Yoga in Kerala, India
National Geographic magazine once named Kerala among the “Top 50 paradises of the world” and there was a good reason they did! Talk about Kerala and the mind paints images of lush-green palm trees, paddy swaying to the winds, elephants walking in rhythm, long stretches of the backwaters, and everything serene. Combined with its dedication to ancient traditions and Ayurveda, the state gives out a zen-like vibe, perfectly conducive to the practise of yoga. No wonder Kerala is among the most-visited destinations in India for yoga enthusiasts and learners alike. From the foothills to the seaside, there are a plethora of locations and centres you can pick. Depending on your choice and schedule, it would be a good idea to also incorporate some Ayurvedic treatments during your stay.
The best time to visit Kerala is between October ー March when the climate is pleasant. Rains from June ー August and summers from March ー May makes travel a non-feasible option. Mid-December to mid-January is the peak season and a lot of tourists visit the region. So, if that’s the time you plan to visit, do make it a point to book your classes in advance to avoid the last-moment rush.
Backwaters of Kerala – Photo Credits: Kerala Tourism
Yoga Centres & Ashrams in Kerala
The most popular forms of yoga taught in Kerala are Hatha yoga, Vinyasa yoga, and Sivananda yoga. Other forms like Iyengar yoga, Kallari yoga (a mix of Kalaripayattu—the ancient martial art of Kerala, and yoga), multi-styled yoga (a mix of forms), Mysore-style Ashtanga yoga, and Kriya yoga are also available, though the number of specialised classed are few. Institutions like Sivananda yoga centre and Santhi yoga offer residential Teachers Training Courses (TTC). The duration depends upon your choice of programme. Places like Munkudil Ayurveda and yoga retreat, Agnihotra yoga retreat, etc. offer a yoga holiday that is inclusive of stay, food, and yoga lessons.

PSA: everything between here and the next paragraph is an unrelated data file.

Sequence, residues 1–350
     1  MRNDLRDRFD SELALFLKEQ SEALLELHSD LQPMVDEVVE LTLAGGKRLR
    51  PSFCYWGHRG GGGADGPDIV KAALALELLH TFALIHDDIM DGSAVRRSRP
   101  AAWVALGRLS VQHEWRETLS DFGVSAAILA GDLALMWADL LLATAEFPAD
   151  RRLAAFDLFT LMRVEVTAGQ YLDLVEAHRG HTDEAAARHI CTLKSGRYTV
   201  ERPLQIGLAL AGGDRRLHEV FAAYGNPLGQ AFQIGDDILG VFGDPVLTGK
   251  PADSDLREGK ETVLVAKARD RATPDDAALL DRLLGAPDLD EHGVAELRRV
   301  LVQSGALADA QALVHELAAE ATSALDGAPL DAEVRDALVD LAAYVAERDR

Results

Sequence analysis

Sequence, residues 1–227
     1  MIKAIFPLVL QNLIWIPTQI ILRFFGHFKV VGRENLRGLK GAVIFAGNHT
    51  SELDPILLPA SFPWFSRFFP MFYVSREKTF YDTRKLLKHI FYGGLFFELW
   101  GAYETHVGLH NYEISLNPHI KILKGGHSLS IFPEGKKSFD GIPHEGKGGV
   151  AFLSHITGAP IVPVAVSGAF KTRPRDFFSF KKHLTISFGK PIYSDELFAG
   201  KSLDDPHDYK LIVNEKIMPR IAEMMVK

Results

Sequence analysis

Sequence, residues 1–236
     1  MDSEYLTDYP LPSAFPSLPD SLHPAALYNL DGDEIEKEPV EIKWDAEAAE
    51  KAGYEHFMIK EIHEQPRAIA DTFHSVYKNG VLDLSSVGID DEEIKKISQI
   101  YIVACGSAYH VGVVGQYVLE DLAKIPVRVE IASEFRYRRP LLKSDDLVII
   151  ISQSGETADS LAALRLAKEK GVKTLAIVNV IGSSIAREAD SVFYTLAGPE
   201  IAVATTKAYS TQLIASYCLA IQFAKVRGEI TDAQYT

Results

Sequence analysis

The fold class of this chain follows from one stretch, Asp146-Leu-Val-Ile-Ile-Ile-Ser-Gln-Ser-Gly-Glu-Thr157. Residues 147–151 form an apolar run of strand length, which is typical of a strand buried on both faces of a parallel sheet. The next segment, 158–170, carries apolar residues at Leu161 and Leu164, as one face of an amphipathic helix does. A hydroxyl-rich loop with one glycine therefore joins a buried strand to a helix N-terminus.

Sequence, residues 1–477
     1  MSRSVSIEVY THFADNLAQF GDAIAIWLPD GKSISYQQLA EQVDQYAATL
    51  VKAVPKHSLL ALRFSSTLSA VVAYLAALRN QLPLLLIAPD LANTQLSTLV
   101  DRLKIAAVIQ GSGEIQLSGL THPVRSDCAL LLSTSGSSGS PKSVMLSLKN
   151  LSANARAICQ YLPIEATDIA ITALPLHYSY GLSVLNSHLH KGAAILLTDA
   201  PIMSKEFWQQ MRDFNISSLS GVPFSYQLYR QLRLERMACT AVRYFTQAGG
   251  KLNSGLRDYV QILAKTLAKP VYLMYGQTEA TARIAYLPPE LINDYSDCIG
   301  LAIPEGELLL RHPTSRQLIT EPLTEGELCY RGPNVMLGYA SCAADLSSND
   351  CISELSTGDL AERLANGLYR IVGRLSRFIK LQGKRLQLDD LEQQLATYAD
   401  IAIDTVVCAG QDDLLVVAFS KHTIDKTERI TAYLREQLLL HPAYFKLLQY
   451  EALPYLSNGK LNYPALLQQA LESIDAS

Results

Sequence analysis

Spiritual places to visit in Kerala
Kerala is home to a rich diversity of people and religions co-exist in harmony here. The state welcomes you to explore its cultural heritage and also marvel at the influences various rulers have had on the architecture of these attractions. However, there are few places of worship where only people of a specific faith/gender are allowed to enter. Some places also warrant a dress code and have fixed visiting hours. So, do confirm things beforehand.
Yahoorajeshon, CC BY-SA 3.0, via Wikimedia Commons
The temple is dedicated to Lord Krishna’s avatar, Guruvayurappan, and is considered a must-visit by devotees.
Vibitha vijay, CC BY-SA 3.0, via Wikimedia Commons
Mannarasala Nagaraja Temple
Nestled in a forest, this unique, serpent-God temple is surrounded by sprawling groves that are conducive to the breeding and movement of snakes there.
Other attractions in Kerala
Kerala’s tropical climate is almost moderate most of the time. While the higher ranges remain cool year-round, the plains tend to stay warm/hot and humid mostly. The state is home to wild elephants, exotic birds, and many other marvels of nature. Its vibrant traditions, temple festivals, and friendly people add colour to even the smallest villages. A few places here have a local and modern version of their names (Trivandrum — Thiruvananthapuram, Alleppey — Alappuzha, Kochi — Cochin), so it’s good to confirm the same. Also, “nanni” means thank you in Malayalam, so try and say one in response to any help. You’d sure see more smiling faces.